Richard Diebenkorn, Ocean Park No. 40, (1971). Courtesy of Sotheby's.

Richard Diebenkorn, Ocean Park No. 40, (1971). Courtesy of Sotheby’s.

Four of the lots in the Marion segment, including a Marino Marini bronze and paintings by Sam Francis and Hans Hofmann, went unsold.

Following the Marion sale, Sotheby’s found plenty of fireworks in its contemporary offering, particularly for rising stars like Salman Toor. The Pakistani-American artist’s 2019 painting of one man greeting another at the door, which was on view in his buzzed-about solo show at the Whitney Museum earlier this year, fetched $867,000. That was more than ten times its $80,000 high estimate. 

Of the 32 lots on offer in this segment, nine were certain to sell thanks to financial guarantees. Sotheby’s farmed out some of its risk in the days leading up to the sale, when the number of third-party bids rose to seven from three. 

Robert Colescott George Washington Carver Crossing the Delaware: Page from an American History Textbook (1975). Image courtesy Sotheby's

Robert Colescott, George Washington Carver Crossing the Delaware: Page from an American History Textbook (1975). Image courtesy Sotheby’s

Sotheby’s claimed the contemporary offering was a white-glove sale, but two major lots—a David Hockney self-portrait and a major Morris Louis painting—were withdrawn just before it began. As a result, the overall number of lots on offer was 32 instead of 34 and the revised presale estimate was $140 million to $194 million. (It had previously been listed at $150.1 million to $209.3 million; the withdrawals clearly made a substantial difference.)

Some of the most electric bidding was for Robert Colescott’s caustic take on Washington Crossing the Delaware, which fetched $15.3 million after a seven-minute battle. (Its presale high estimate was $12 million; Colescott’s previous auction record was $912,000.) Minutes after the hammer came down, the Lucas Museum of Narrative Art in Los Angeles confirmed it had bought the work, which is considered one of Colescott’s most important.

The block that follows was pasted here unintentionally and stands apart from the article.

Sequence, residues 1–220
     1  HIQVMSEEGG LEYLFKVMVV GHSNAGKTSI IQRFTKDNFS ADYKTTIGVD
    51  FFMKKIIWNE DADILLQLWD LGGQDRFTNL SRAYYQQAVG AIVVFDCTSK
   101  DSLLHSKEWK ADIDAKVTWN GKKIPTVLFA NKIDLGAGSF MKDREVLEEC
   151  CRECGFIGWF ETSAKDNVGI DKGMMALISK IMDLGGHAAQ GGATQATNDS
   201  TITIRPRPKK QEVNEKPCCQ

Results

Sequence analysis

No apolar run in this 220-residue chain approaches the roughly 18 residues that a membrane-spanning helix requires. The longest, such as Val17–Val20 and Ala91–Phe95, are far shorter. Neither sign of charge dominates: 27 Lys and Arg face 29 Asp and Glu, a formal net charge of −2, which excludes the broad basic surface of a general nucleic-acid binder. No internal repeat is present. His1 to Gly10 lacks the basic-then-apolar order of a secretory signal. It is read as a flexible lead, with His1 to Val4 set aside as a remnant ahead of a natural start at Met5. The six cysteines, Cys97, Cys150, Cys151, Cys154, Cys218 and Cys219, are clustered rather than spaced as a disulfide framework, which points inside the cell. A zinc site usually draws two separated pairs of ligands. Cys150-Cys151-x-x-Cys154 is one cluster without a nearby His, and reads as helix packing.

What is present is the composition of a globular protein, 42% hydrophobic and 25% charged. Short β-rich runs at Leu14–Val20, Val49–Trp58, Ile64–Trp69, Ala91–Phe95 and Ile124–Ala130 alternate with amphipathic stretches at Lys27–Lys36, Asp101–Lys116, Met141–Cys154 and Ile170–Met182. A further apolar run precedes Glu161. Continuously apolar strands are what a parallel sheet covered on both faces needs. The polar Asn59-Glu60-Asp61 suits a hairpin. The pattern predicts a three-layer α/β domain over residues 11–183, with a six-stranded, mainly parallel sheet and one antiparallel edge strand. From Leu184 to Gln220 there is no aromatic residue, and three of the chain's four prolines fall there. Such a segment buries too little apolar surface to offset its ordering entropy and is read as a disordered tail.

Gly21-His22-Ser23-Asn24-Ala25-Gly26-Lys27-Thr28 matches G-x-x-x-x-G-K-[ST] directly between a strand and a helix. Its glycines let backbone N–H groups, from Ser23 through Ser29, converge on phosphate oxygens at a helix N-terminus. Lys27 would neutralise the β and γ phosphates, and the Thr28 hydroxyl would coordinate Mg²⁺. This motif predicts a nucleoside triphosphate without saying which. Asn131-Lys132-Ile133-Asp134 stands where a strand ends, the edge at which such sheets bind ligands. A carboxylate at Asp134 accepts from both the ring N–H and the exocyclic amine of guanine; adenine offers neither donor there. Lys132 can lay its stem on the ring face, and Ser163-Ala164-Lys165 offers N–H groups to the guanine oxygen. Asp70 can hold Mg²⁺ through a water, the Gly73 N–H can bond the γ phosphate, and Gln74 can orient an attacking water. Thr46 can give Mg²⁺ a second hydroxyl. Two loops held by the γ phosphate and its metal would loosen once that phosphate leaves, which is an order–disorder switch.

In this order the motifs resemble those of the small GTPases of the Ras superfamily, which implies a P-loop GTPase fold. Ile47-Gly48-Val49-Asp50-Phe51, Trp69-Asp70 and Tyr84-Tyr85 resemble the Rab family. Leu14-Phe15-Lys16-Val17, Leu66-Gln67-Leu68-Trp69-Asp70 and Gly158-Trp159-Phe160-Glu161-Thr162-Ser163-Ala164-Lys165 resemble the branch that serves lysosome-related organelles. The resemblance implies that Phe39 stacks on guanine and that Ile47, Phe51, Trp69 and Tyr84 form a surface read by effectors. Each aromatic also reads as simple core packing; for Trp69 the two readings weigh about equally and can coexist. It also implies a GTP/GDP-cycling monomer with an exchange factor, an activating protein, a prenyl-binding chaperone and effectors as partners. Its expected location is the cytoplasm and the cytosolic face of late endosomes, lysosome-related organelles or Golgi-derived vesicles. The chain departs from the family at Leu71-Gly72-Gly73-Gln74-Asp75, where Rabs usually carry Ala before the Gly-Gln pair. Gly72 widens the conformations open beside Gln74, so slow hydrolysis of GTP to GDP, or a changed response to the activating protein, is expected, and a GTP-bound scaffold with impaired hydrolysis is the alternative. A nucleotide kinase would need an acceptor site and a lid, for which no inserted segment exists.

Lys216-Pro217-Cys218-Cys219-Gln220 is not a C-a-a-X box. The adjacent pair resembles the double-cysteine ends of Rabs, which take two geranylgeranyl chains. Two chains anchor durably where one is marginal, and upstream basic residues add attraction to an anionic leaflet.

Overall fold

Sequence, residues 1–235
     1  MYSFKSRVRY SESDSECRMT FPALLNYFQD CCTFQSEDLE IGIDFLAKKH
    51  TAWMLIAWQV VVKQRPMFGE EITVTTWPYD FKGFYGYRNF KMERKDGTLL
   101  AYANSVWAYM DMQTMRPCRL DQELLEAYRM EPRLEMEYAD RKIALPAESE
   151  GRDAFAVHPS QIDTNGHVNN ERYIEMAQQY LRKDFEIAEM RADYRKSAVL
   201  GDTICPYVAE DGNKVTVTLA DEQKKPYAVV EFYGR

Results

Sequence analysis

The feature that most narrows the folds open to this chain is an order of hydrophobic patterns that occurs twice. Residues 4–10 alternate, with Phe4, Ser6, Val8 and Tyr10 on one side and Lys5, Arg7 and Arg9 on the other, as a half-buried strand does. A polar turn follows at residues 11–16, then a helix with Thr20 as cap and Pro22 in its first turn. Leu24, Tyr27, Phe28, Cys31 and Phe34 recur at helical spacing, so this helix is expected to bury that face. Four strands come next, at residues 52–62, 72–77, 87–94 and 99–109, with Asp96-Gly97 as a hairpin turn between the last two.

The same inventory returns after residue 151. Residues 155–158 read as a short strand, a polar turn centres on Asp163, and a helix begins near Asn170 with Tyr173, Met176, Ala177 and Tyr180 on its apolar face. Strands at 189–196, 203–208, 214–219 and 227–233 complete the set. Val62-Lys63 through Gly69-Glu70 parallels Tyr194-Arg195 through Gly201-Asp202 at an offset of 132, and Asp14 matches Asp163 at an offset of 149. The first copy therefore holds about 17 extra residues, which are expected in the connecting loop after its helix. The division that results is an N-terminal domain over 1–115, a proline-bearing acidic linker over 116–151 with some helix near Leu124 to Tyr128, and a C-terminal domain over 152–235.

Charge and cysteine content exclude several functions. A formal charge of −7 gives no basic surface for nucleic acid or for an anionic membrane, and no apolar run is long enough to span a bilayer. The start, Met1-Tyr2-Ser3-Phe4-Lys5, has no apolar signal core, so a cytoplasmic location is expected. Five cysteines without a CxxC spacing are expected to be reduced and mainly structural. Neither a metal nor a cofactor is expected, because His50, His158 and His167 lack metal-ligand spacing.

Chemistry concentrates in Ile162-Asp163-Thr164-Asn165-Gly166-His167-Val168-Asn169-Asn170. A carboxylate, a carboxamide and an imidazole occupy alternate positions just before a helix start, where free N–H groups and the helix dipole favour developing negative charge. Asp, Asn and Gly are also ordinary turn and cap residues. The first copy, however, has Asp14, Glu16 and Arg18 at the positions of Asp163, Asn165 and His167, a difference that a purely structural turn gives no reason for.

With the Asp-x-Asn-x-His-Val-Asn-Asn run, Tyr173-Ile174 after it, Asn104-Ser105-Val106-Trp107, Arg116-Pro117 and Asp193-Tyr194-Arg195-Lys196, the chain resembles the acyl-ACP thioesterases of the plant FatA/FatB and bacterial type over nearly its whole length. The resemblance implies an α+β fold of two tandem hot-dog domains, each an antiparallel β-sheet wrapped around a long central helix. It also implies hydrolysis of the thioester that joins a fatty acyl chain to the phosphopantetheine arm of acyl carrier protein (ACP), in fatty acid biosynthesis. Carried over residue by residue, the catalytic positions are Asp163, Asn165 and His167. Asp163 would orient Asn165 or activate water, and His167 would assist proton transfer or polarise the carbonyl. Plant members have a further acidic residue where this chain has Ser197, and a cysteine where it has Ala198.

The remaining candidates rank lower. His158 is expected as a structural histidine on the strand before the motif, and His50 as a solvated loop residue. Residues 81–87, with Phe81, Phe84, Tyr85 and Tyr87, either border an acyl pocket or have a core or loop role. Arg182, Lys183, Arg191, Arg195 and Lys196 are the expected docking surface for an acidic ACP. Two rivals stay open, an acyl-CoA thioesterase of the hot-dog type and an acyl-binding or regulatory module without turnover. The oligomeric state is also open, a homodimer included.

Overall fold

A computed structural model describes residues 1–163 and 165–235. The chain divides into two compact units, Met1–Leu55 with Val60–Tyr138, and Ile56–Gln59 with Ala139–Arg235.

“Colescott’s direct reference to Emanuel Leutze’s iconic 1851 Washington Crossing the Delaware presents a radical and important alternative telling of the patriotic visual narrative and mythology that has for so long grounded our national identity,” museum CEO Sandra Jackson-Dumont said in an email to Artnet News. 

Cy Twombly <i>Rome</i> (1972). Image courtesy Sotheby's.

Cy Twombly Rome (1972). Image courtesy Sotheby’s.

The top lot of the night was Basquiat’s Versus Medici, which the artist painted soon after a formative trip to Italy in 1981. Pursued by three Sotheby’s specialists, it hammered to a client of chairman of the Americas Lisa Dennison for $44 million. The picture failed to beat out Christie’s more iconic skull painting, which sold for $91.3 million the night before. 

Bidding was even thinner for Cy Twombly’s classic blackboard painting Rome (estimate: $35 million to $45 million), which sold on a single bid to the guarantor for $36 million. 

Another focal point of the evening was Banksy’s Love Is In The Air (2005). The work carried an estimate of $3 million to $5 million and was notable in that Sotheby’s had said it would accept cryptocurrency payment for it, through a partnership with Coinbase Commerce. (It marks the first time the house has agreed to accept crypto for a physical object, and may be a sign of bigger changes to come.) 

The work sold to a client in Asia for a premium-inclusive price of $12.9 million, far exceeding expectations. A Sotheby’s representative said it was too soon to tell whether the buyer would pay in cryptocurrency.